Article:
Ransomware can be likened to global warming. It’s been around for years, but it’s now becoming an epidemic which needs serious attention.
According to a recent survey conducted by Osterman Research, nearly 50% of U.S. companies experienced a “ransomware incident” over the last year. Without taking into account the number of unreported ransomware incidents, the FBI estimated $209m was paid to ransomware criminals in Q1 2016. This would bring the total cost of ransomware to well over $1bn for the year in the U.S. alone.
One of the contributing factors to the rapid rise of ransomware attacks is the emergence of “Ransomware as a Service” (RaaS). RaaS providers host ransomware toolkits in the cloud and offer access on a subscription basis, making it easier than ever for anyone – even individuals with minimal security knowledge – to extort money from people and organizations.
The allure of RaaS
Putting aside threats, unethical behavior and even physical violence, criminals – and by extension cybercriminals – operate on very similar principles as legitimate businesses.
Like any business, cybercriminals aim to take the path of least resistance while achieving maximum ROI, and RaaS lets them do just that.
It can be useful to think of RaaS in the same vein as a commercial airplane. The average person cannot afford to buy and maintain an airplane. Neither do they have access to an airport, nor do they have the skills needed to fly a plane. In other words, if it were left to individuals, the majority of people would never experience air travel.
However, a commercial carrier looks after all the issues involved, such as employing pilots and staff, maintaining airplanes and ensuring good relations with airports. So, in exchange for an affordable fee, it’s possible for the average person to book a flight to almost anywhere in the world.
This is what RaaS has done for average cybercriminals that would otherwise be unable to create and run their own ransomware campaigns. Many RaaS (or similar Cybercrime-as-a-Service) offerings will provide customers with the knowledge and tools necessary to launch attacks. It can even provide support and training materials to increase their chances of success.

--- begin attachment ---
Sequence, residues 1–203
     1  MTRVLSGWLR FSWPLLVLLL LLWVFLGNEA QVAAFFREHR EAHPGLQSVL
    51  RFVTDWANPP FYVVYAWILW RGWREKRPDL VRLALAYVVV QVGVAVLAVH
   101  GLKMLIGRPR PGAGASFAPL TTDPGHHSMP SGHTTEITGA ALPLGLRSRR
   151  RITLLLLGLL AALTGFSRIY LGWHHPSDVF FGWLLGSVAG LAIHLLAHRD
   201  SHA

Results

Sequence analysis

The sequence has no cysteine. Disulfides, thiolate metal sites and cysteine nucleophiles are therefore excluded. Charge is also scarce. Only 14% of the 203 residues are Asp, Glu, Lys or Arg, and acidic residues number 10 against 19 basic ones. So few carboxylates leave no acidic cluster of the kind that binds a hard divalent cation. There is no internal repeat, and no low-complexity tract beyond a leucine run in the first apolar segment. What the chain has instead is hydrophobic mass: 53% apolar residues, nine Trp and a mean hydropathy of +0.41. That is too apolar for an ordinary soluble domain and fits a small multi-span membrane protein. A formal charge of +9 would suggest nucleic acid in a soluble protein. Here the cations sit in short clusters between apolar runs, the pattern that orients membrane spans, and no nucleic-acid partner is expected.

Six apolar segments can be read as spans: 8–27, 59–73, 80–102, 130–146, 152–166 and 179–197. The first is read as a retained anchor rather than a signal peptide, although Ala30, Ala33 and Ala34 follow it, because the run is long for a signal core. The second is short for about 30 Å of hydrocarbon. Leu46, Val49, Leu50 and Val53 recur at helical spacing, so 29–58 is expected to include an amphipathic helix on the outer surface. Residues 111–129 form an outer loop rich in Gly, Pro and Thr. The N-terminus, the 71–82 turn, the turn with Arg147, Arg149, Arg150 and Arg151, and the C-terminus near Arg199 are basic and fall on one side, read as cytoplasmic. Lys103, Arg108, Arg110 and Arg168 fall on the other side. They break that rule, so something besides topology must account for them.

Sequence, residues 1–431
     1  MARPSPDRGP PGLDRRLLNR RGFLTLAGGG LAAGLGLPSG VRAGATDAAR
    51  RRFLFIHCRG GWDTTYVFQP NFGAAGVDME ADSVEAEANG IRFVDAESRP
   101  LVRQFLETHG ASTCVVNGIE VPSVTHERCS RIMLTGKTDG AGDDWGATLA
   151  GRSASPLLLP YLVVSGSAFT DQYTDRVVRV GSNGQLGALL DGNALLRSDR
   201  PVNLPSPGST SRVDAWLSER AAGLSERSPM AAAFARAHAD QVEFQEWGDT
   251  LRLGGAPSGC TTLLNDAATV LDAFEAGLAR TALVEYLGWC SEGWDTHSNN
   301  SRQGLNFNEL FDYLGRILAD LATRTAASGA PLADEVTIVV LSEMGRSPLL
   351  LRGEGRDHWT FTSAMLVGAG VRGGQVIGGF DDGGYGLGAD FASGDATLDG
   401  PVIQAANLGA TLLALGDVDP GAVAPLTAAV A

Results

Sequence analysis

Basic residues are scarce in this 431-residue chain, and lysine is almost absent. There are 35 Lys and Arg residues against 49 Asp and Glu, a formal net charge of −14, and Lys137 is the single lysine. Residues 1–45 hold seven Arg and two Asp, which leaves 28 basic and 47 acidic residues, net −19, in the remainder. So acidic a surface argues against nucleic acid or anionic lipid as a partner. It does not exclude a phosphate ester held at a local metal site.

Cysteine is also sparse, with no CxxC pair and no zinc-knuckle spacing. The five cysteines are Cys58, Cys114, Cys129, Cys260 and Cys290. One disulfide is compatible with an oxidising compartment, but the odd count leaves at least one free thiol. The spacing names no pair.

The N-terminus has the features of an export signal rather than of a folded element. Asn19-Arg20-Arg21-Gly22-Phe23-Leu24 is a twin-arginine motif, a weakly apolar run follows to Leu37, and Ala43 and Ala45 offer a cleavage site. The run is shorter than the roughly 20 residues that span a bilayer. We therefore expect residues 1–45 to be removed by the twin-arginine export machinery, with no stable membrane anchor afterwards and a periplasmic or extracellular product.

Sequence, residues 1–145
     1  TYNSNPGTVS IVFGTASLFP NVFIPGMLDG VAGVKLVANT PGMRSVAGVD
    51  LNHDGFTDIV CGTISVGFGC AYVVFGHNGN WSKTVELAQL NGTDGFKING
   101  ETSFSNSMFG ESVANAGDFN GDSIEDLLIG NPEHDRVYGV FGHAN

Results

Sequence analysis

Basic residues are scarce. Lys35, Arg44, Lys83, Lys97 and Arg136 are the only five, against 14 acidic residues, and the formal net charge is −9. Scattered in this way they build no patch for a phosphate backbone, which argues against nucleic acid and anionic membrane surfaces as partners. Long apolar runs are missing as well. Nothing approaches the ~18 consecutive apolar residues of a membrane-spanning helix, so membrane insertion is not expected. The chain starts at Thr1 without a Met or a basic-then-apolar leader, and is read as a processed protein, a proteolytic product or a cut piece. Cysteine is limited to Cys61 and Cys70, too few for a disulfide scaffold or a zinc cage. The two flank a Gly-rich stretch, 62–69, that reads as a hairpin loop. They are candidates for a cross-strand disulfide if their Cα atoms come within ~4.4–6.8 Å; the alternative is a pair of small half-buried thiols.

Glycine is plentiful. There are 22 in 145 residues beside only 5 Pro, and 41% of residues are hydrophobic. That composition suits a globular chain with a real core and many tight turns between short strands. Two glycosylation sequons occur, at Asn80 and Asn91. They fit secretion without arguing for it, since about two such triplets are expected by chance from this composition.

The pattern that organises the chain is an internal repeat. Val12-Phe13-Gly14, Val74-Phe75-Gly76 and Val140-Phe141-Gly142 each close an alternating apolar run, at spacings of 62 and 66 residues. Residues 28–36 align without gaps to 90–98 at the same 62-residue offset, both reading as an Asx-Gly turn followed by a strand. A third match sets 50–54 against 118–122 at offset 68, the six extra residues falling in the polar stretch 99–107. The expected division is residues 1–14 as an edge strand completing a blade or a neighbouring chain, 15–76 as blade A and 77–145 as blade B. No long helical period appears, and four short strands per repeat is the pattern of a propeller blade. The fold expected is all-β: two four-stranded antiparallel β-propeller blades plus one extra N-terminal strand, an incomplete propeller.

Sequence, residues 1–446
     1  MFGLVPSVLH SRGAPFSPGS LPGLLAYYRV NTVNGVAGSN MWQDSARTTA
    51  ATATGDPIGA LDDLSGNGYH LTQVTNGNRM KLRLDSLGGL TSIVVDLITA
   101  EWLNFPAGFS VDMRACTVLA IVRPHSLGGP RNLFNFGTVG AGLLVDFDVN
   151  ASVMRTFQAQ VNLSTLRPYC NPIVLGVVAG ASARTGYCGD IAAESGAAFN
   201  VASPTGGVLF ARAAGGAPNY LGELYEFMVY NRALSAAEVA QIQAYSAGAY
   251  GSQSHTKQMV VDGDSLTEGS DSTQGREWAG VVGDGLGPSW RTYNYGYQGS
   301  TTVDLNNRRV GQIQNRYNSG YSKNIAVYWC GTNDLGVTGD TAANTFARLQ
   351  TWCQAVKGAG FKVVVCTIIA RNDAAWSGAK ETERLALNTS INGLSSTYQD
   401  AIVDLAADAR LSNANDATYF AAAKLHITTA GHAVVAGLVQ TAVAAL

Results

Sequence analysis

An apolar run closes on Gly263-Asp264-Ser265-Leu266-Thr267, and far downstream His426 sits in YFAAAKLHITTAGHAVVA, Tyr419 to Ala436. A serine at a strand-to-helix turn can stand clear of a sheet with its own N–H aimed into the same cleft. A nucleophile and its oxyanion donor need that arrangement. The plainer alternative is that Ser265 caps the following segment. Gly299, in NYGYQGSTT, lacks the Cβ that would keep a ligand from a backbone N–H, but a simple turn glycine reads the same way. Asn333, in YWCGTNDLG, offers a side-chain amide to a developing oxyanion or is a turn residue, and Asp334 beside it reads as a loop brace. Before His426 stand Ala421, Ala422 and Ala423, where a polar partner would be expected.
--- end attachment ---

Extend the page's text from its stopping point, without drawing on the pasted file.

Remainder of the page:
Let’s look at an example. The Petya & Mischa RaaS was launched in July 2016. It encourages distributors to generate high returns by enticing higher returns. If distributors generate less than five bitcoins, they only earn 25% of the payment. However, this goes up to a potential earning of 85% if the weekly earning is over 125 bitcoins.
In this regard, the RaaS business model has proven to be highly lucrative, for both the providers and the distributors, and there’s no sign that the service will go away anytime soon.
A target rich environment
Email is the most popular attack avenue for ransomware, both via malicious links and malicious attachments. For consumers, the emails are usually part of mass spam campaigns. However, for businesses, these will often take the form of specific phishing or whaling campaigns.
When it comes to the cost of ransomware, it can vary greatly depending on the target. A Hollywood hospital reportedly paid $17,000 to regain access to patient files. On the other end of the spectrum, F-Secure stated that by negotiating with cybercriminals, discounts of up to 29% can be gained. While Symantec estimates the average ransom amount in 2016 to be $679.
For a victim, there are many indirect costs which can significantly increase the impact of ransomware beyond the cost of paying the ransom. System downtime, recovery costs, loss of customer confidence, as well as overtime for staff or external consultants, all contribute toward the overall cost – which can end up being a significant hit for any company to take.
One of the biggest advantages criminals have when it comes to ransomware, is that it is an indiscriminate attack that can work across all verticals and sizes of companies and with individuals. A criminal can potentially gain similar profits from an individual consumer, as they can from a large enterprise. This further lowers the bar to entry, as no pre-qualification needs to be done on the targets.
With the growing popularity of RaaS, and the fact that it shows no signs of slowing, it’s more important than ever that enterprises and individuals take appropriate steps to protect themselves from ransomware infections. Here are a few tips to keep top of mind:
- User education and awareness is the first, and arguably the most important, line of defense. Not clicking on suspicious links can prevent infections to begin with.
- Segregating critical systems and assets is also a good defensive measure. In the event that a user does click on a link, having segregated systems will prevent infections from spreading.
- It’s important to have robust detection and response controls, usually complemented by threat intelligence so that any infection can be detected quickly and remedial action can be taken immediately to minimize impact.
- Finally, backup processes cannot be forgotten or neglected. If the worst does happen, it’s better to wipe systems and reinstall from a clean, trusted backup.